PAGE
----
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Marble Arch Hill
An impression of how Marble Arch Hill will look. Credit: MVRDV

They’re building a big hill at Marble Arch this summer – but we’re not quite sure why

Part of a new development, ‘Marble Arch Hill’ will provide a lofty platform with views across Hyde Park and the West End

By
Chris Waywell
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I don’t know about you, but one thing that I wasn’t expecting to be part of the eventual reopening of central London was the construction of a 25m-high temporary mound at one end of Oxford Street. That’s apparently the plan, though. The ‘Marble Arch Hill’ is the most visually arresting/bonkers element of a £150 million development initiative by Westminster Council to inject new life into Oxford Street and Marble Arch, and attract visitors and tourists back into the West End. 

Kay Buxton, chief executive of Marble Arch London BID said it is ‘a truly unique and once in a lifetime opportunity to see London from a completely new perspective. Marble Arch Hill is a clarion call to the recovery of London’s hospitality and leisure sector, in an enduring, world-renowned destination.’

Designed by Dutch architectural firm MVRDV, Marble Arch Hill is set to tower over its John Nash-designed neighbour from July 2021. It will be built on a scaffolding base, with layers of soil and plywood forming the mound. In its hollow centre will be a space for exhibitions and displays. Its viewing platform will offer views across Hyde Park, Marylebone and Oxford Street, with a path winding to the top among mature trees and plants. It’s like the Garden Bridge, only in a park and not a bridge. On its Twitter, MVRDV paints an alluring picture of the huge hummock in action: ‘It’s August 2021. You met some friends on Oxford Street to buy new sunglasses; now you’re together on top of the new Marble Arch Hill, looking out for the sunniest spot in Hyde Park, where you will share a drink later. At this height, you feel a light breeze on your skin…’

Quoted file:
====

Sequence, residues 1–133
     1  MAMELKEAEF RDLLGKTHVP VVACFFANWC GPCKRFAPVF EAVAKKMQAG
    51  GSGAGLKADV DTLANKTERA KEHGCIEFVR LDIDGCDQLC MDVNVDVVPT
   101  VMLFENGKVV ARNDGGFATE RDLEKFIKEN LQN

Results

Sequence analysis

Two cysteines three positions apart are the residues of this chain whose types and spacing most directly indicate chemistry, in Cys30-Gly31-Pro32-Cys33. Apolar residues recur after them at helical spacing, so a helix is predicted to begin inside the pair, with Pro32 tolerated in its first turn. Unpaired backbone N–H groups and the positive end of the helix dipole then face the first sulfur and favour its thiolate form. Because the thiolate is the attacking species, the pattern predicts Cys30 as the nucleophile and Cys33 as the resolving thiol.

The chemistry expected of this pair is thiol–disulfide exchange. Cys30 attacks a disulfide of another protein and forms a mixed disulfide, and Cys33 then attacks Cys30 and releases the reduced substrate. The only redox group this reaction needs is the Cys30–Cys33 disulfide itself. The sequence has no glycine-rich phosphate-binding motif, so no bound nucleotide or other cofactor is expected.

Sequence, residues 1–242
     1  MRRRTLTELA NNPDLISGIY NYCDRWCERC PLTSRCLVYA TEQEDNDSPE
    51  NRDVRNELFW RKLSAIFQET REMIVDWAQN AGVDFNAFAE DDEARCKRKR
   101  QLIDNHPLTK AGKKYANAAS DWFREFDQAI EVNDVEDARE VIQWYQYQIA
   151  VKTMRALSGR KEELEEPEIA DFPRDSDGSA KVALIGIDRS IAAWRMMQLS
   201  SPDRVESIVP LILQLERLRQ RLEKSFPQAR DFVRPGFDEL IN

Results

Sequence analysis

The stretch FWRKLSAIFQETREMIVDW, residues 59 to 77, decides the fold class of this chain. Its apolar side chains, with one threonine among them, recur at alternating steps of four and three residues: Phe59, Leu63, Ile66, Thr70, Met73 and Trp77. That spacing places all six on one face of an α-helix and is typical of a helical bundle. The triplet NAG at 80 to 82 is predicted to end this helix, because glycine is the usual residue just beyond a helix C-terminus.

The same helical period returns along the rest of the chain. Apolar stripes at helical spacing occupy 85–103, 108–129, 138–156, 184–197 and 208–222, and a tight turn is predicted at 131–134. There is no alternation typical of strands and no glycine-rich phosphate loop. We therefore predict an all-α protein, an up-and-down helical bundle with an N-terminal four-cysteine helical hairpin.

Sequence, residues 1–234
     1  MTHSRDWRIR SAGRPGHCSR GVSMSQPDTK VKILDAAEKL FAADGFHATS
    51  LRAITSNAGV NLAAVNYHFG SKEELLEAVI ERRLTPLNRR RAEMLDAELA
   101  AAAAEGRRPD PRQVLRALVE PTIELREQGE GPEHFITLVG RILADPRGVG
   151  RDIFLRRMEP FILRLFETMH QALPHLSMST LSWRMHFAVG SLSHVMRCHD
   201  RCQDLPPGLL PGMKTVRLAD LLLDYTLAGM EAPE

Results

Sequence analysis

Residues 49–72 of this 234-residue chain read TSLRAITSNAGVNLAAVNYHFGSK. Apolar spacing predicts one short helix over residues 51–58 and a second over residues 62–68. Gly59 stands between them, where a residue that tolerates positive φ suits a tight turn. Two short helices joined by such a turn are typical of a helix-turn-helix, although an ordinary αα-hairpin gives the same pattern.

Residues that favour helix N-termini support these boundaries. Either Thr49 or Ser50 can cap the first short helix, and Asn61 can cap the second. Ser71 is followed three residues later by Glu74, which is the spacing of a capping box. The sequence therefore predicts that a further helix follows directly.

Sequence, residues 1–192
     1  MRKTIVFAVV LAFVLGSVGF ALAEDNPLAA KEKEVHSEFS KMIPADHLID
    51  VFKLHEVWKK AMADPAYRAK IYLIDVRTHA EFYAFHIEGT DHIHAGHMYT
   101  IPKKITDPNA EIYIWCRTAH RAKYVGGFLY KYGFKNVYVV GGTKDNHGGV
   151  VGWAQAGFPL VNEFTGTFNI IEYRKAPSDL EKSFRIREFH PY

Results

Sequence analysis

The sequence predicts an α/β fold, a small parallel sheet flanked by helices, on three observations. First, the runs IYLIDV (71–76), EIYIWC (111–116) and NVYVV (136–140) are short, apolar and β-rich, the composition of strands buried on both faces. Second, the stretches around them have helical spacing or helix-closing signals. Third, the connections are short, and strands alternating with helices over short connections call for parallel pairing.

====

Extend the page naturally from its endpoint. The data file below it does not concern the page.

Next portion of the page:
The subtext to the tweet is that you won’t get a whole lot of time on top of the hill, with visitors being limited to 25 at a time. You will have to book in advance and possibly pay a ‘nominal’ entrance fee. With total visitors anticipated at around 200,000, that probably also means some queuing…

Reactions to the urban tumulus have been understandably mixed, with some people seeing it as a stupid distraction from more pressing issues. Others just question London’s infrastructural priorities: ‘So they can build a whole HILL next to Marble Arch but they can’t fix Hammersmith Bridge?’

Say what you like, though, it’s certainly original. So as you stand there freezing in your new sunglasses, lashed by summer rain and dying for a wee, with a line of grumpy punters behind you willing you to get off the top of the sodding mound, just be grateful for being out and about again. And if you really hate it, it’s only going to be there for six months.

Find more details of Marble Arch Hill on MVRDV’s website

Love tall stuff? Work on the tallest building in the City is now complete

This is how Camille Walala wants the West End to look when it reopens. 

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